27 Aug Cloud Storage vs Local Storage: Which Is Better for File Security?
When it comes to creating a secure backup of your files, you have two options: local or cloud storage. But which is better in this cloud storage vs local storage showdown? Click here to find out.
Loss of data is every business’ nightmare. Did you know, for example, that in 2016, security breaches affected 60% of companies?
That’s quite a significant number. With that comes the worry that data may be at risk.
But you need to have storage of some sort.
We save a lot of information on our computers and devices. In fact, the files from an average 1TB disk drive would be enough to fill an airplane.
These days, companies have more choices. While a lot of people are still happy to have local hard drives, more businesses are turning to cloud storage as a convenient alternative.
Today I’m going to be looking at cloud storage vs. local storage. With this information, you’ll be able to decide for yourself which is the best for you and your business.
Advantages of Cloud Storage
One of the main benefits of using cloud storage is convenience.
Because we’re all connected to the internet (many of us 24/7), people are finding that they need access to data from anywhere in the world at any time. This is where cloud storage wins out over local storage.
If you have a cloud account, you don’t need to worry about how you’re going to gain access to your files. Wherever you log in (and from whichever device), your data will be there waiting for you.
Some websites will even give you up to 15GB for free, which means you can potentially cut down on storage costs.
Don’t think that sounds like a lot? When you consider that just 1GB of storage is equal to around 75,000 pages of documents, it forms an idea of just how generous 15GB is (you do the math).
One of the other advantages of cloud storage is the ability to recover data.
I’ve already mentioned the benefit of being able to access your files from anywhere with an internet connection. But it goes beyond mere convenience.
How many times has a laptop or tablet become corrupted and unusable? What happens to all that data that’s stored on there?
Chances are it’s lost forever. But with cloud storage, your files will still be there ready for you to access from another computer.
Pro tip: Now is probably a good time to say that even if you use cloud storage, it’s still highly recommended that you implement some sort of backup plan in case of any mishaps. It’s always best to be safe than sorry.
Disadvantages of Cloud Storage
No storage type is going to be completely perfect. Cloud storage will still have some drawbacks which businesses need to be aware of.
One of the major pitfalls is speed. Because your files are being stored online, you need a way to connect to it.
If your bandwidth is not up to par, or is having a bit of a bad day, gaining access to your cloud account can be a little sluggish.
It’s also worth pointing out that while cloud storage is safe, you are still sending your data over the internet. Security measures are being implemented and improved upon all the time, but you still run a minor risk whenever you login.
Advantages of Local Storage
Of course you can always stick with local storage if you prefer. Many people do and there are reasons why.
While a lot of businesses are now happy to use cloud storage, having a physical storage device can still prove useful.
One of the major advantages to using local storage is the range of sizes you can get. While 15GB is definitely a good amount for cloud storage, some people prefer the enormity of, say, a 2TB hard drive.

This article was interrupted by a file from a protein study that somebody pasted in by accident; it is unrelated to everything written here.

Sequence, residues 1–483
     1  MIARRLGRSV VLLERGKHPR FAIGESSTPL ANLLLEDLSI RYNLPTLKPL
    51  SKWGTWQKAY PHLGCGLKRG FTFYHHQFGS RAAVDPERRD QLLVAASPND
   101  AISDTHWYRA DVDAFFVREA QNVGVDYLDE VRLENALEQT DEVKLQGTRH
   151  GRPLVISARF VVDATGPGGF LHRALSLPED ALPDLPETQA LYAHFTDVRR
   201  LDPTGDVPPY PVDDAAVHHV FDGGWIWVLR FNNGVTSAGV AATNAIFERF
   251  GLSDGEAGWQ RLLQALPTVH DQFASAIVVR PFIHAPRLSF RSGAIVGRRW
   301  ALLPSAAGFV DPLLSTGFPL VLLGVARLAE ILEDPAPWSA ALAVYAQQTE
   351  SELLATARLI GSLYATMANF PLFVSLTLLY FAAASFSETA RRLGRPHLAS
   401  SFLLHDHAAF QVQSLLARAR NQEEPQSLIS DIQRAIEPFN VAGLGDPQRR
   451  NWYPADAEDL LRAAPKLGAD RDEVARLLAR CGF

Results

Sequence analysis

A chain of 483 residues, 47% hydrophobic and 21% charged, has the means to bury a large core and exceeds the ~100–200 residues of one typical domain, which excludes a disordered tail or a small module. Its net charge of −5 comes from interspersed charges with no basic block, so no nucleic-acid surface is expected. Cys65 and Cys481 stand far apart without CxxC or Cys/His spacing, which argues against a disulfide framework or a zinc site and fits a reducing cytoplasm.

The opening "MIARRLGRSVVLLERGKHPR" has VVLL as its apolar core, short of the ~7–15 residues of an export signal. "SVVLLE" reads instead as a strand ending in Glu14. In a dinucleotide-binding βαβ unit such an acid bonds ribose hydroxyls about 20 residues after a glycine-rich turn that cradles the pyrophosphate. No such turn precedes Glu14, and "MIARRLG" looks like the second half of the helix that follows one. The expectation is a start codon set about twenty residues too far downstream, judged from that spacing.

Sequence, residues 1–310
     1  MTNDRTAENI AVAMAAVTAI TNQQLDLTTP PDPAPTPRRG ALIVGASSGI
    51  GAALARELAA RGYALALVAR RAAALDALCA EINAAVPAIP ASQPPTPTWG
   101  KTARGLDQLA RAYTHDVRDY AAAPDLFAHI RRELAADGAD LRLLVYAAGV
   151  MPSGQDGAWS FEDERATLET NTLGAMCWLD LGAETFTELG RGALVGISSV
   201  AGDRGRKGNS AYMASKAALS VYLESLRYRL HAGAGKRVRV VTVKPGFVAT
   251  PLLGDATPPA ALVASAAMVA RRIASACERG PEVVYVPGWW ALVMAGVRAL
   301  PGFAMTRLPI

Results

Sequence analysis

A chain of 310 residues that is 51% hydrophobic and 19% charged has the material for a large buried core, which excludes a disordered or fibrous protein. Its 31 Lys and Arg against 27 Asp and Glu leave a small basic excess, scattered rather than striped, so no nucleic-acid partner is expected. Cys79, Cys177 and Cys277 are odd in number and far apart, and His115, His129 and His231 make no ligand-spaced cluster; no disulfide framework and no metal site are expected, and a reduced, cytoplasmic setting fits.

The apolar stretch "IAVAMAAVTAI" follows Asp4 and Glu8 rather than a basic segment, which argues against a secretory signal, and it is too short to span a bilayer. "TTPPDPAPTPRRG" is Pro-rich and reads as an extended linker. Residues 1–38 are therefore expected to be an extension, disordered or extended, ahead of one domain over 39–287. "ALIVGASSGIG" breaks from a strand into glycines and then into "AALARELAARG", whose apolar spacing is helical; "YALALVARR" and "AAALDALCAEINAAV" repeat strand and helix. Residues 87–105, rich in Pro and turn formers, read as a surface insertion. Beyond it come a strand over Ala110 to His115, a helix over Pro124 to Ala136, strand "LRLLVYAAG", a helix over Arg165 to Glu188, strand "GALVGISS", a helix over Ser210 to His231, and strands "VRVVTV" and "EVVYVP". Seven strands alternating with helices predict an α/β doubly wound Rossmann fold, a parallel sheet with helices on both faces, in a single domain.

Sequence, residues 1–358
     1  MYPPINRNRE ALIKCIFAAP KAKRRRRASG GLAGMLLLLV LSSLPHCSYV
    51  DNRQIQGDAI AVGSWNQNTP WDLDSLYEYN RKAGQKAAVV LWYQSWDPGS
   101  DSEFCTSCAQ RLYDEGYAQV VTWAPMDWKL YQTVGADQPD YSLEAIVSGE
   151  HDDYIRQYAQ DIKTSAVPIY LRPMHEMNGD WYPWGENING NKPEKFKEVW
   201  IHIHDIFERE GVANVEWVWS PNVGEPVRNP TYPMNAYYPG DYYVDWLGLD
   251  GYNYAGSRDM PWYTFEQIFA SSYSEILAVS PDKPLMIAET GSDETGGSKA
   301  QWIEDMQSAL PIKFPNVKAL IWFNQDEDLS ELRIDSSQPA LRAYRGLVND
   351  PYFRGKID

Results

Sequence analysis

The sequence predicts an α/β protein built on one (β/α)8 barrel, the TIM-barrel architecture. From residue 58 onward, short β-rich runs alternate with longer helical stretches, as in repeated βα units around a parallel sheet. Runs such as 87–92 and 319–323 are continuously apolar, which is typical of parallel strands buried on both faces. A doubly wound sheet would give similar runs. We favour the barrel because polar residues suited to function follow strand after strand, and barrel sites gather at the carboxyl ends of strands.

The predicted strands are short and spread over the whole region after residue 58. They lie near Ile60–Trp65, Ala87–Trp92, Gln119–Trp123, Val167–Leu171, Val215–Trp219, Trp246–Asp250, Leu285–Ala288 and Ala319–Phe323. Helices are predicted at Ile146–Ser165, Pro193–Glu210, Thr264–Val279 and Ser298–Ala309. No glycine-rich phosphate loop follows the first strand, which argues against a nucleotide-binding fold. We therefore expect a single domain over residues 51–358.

This usually means that you can use less hard drives for many more files. However, hard drive storage doesn’t last forever (more on that shortly).
Local storage is also not dependent on internet technology. Once you save something locally and you need access to it, boom, you’re right there.
If everything is saved offline, then no amount of internet downtime can stop you from gaining access to your data.
Disadvantages of Local Storage
It goes without saying that if you’re reading this, you can probably guess one of the biggest disadvantages to offline storage: accessibility.
Yes, you can always purchase external hard drives, but when it comes to having access to your data, this is where local storage falls down.
If you’re in a meeting, but you’ve brought a different laptop or you’re using a third party computer, how will you get a hold of your files if they’re stored elsewhere?
One of the disadvantages is that you can easily forget a hard drive, whereas you can’t forget to bring your cloud account to a meeting, unless there is no internet available.
There’s also the question of cost. Hard drives can run into the hundreds (if not thousands) of dollars the more you acquire.
Depending on your business needs, you might not even need multiple 3TB hard drives. That’s money that might be going to waste.
But let’s say you’re happy to pay for extra storage. You still have the inconvenience of having to upgrade your hard drives from time to time.
The costs will add up, not to mention the physical space you need to store them (especially if you have a server).
Cloud websites can easily arrange for additional storage for a fee without you having to lug a lot of hardware around.
Cloud Storage vs. Local Storage: The Fight for Supremacy
Now that we’ve looked at the advantages and disadvantages, it’s easy to see why cloud storage vs. local storage is such a hot topic.
I personally lean more towards cloud storage. The reasons listed above being why.
If you run any type of company, you need to have internet access. If a lot of business is conducted online, then it makes sense that having important documents that are safely stored and accessible from anywhere in the world would be the better option.